The European Commission published its proposal for a revision of the fisheries control regulation in May 2018. The European Parliament and the Council of the EU started to work on the text back then but lacked time to agree on a final version before the end of the legislature. Following the European elections that took place in May 2019, the new Members of the European Parliament (MEPs) decided to restart the work on the text from the beginning. Clara Aguilera Garcia, an experienced MEP from Spain, was appointed rapporteur. The hope is that the new regulation will be finalized and adopted by the end of the year.
The control regulation is a very important piece of legislation for the recreational fisheries sector as it seeks to regulate recreational fisheries (Article 55). Some of the current proposals move in a positive direction while the EAA and EFTTA hold the opinion that some would benefit from a more nuanced approach.
The proposed compulsory registration or licensing system can be seen as positive as it would allow to collect more data on recreational fisheries and better data is instrumental for a better policy. The EAA, together with EFTTA, consider that it is vital that the choice between a registration and a licensing system is left to the Member States, in order to take into account the current situation in each country. Where there is no system in place, a free of charge registration should be the method of choice.
The Commission also proposes a catch reporting system for recreational fisheries. The EAA and EFTTA support sensible catch registration that is limited to stocks subject to Union conservation measures. Priority should be given to electronic reporting as to prevent overburdening of anglers practicing a leisure activity while leaving the possibility for anglers who would like to report differently to do so.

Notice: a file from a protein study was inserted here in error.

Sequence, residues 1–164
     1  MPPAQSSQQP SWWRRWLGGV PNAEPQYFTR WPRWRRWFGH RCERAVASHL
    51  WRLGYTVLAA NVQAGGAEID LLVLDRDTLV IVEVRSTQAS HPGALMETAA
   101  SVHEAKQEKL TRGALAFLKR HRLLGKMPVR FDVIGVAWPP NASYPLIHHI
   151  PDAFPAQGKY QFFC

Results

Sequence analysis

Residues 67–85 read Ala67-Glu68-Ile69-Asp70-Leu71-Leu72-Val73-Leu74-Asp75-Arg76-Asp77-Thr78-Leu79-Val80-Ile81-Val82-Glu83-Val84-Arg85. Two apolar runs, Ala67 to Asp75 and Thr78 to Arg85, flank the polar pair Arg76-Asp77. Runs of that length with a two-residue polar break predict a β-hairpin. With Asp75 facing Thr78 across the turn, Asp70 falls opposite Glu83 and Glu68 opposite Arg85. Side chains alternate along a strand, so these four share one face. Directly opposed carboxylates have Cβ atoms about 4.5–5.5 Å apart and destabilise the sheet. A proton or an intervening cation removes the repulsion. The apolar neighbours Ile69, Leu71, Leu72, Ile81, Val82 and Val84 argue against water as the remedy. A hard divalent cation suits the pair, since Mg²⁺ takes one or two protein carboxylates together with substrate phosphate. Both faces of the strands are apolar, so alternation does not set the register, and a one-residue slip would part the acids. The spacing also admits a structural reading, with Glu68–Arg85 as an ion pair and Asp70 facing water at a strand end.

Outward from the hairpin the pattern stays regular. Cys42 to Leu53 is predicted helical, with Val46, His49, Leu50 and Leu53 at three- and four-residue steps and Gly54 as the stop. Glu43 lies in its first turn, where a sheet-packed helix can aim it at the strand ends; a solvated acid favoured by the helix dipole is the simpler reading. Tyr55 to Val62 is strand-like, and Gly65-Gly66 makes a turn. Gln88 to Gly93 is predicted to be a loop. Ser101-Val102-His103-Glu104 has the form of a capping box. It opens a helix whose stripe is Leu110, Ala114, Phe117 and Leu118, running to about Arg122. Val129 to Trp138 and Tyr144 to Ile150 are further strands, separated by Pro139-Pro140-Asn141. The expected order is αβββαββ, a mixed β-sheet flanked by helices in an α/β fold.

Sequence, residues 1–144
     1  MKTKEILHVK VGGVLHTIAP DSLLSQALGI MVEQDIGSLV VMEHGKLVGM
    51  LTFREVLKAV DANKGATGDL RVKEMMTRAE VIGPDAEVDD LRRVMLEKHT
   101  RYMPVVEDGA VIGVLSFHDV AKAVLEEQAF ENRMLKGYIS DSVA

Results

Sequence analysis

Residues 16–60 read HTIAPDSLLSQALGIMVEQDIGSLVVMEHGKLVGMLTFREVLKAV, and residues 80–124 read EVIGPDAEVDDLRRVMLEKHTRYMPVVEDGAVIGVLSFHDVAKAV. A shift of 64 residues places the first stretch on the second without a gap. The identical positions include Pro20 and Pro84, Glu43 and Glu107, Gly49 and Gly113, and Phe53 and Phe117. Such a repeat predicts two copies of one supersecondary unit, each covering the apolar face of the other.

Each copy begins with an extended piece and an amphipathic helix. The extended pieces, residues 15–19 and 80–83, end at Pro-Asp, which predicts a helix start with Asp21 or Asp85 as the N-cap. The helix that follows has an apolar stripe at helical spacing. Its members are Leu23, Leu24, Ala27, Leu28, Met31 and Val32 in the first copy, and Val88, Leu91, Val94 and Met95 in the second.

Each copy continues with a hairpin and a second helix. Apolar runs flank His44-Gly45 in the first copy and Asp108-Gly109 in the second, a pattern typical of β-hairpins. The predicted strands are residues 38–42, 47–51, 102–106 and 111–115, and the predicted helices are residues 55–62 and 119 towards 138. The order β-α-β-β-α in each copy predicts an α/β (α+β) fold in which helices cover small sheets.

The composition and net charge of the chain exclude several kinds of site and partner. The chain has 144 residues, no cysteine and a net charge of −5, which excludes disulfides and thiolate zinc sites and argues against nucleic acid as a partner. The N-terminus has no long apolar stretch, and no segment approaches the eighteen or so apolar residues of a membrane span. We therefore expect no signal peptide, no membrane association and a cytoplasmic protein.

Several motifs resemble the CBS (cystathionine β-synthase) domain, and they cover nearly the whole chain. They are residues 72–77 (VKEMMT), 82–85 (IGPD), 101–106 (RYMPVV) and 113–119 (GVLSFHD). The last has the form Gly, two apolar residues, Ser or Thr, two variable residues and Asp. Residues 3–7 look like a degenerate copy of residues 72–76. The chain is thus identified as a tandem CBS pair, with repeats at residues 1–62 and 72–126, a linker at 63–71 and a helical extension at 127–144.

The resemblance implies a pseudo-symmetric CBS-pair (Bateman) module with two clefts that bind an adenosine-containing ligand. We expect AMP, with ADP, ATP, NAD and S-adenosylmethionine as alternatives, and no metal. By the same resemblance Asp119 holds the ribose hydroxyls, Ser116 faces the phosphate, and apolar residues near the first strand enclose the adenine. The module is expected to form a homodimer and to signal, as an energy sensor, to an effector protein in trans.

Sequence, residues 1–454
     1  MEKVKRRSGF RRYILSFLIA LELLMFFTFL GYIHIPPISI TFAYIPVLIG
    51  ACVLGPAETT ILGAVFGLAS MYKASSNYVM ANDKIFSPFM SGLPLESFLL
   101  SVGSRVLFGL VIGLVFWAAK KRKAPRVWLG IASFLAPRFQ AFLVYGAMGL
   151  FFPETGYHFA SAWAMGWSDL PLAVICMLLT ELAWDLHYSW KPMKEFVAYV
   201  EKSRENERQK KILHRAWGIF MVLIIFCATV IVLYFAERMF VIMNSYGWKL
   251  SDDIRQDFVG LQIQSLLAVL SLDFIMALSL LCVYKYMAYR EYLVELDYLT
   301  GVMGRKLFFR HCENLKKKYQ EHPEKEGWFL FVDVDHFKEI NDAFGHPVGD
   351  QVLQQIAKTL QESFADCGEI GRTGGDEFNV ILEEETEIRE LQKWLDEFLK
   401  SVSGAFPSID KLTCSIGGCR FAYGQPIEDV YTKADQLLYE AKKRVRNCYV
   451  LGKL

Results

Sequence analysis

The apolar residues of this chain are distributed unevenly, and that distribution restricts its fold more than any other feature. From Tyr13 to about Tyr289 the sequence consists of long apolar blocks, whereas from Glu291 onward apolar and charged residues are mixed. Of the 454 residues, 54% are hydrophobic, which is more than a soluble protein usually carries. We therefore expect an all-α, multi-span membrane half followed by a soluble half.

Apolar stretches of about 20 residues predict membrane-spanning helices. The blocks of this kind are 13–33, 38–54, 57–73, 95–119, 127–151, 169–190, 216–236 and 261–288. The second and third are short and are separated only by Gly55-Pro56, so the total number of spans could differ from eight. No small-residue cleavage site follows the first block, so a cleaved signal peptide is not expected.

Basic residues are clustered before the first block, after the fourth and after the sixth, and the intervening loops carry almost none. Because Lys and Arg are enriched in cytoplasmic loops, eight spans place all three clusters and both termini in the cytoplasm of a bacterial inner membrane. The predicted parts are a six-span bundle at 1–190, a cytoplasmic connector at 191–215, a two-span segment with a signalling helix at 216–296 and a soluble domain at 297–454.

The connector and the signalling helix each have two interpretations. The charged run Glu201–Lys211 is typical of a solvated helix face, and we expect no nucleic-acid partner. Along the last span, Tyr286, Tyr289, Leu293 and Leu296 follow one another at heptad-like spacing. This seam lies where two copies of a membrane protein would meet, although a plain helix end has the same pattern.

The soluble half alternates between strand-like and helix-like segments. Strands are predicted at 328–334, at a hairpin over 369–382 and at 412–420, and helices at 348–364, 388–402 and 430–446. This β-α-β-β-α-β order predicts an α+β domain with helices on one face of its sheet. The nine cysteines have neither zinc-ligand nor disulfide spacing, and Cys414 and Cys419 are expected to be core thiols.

Marking of recreational fishing gears is also proposed. This would be a positive step towards better control especially for the use of nets and traps as it will improve the identification of the owner and the removal of illegal nets and traps. However, an exemption for rods is needed as there is no benefit for fisheries control purposes to be attained by such marking.
The tracking of vessels used for recreational fisheries proposed by the Commission seems unnecessary and impractical. Every object that can carry a person on the water would have to be registered including canoes, rowboats and jet skis, which all can be used to fish from. As all recreational fishers will have to be registered, and catches are regulated per person and not per boat or vessel as is the rule for commercial fishers, there is no need for a recreational vessel register. It does not add value for fisheries management and would come with a huge administrative burden.
The EAA and EFTTA do propose to include a definition of charter boats in the new regulation. Charter boats are hired by anglers to bring them to the places at sea where they want to fish. Charter boating has a big growth potential and could bring a positive contribution to the EU blue growth strategy. It is, for example, one of the very few businesses that can generate sustainable economic activity in marine protected areas. The charter boat sector is not well organised nationally or at the EU level. A charter boat chapter in this piece of legislation could be an important first step in that direction.
Overall, the main challenge for MEPs and EU Member States is to ensure a practicable, proportionate and fair approach to the different fisheries sectors. Reinforced controls of recreational fisheries should go hand in hand with improvements to the small-scale fisheries controls as proposed by the European Commission (i.e. withdrawal of exemptions regarding catch recording logbooks, inshore vessel monitoring systems and less allowable quantity of fish to be sold directly to consumers). Above all, the management of recreational fisheries should not be about the catches only. The economic value of recreational fisheries should be considered whenever restrictions are proposed so decision-makers will know of the negative impact these restrictions could have on the recreational fisheries sector.
The EAA and EFTTA advocate the sustainable development of sea angling and would like to see its growth potential come to fruition, together with the recreational boating and charter boating sectors. The control regulation can be an obstacle or a help for that to happen.
Link to the European Commission's proposal
Related article “Fisheries Control: the Commission’s proposal for a revised regulation published”
Link to the European Boating Association position on the registration of recreational fishing vessels